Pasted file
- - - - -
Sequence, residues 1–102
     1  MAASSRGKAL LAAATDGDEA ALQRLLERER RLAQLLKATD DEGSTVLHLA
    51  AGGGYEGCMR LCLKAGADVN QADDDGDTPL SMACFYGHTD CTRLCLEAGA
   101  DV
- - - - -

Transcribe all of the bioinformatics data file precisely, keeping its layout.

Sequence, residues 1–102
     1  MAASSRGKAL LAAATDGDEA ALQRLLERER RLAQLLKATD DEGSTVLHLA
    51  AGGGYEGCMR LCLKAGADVN QADDDGDTPL SMACFYGHTD CTRLCLEAGA
   101  DV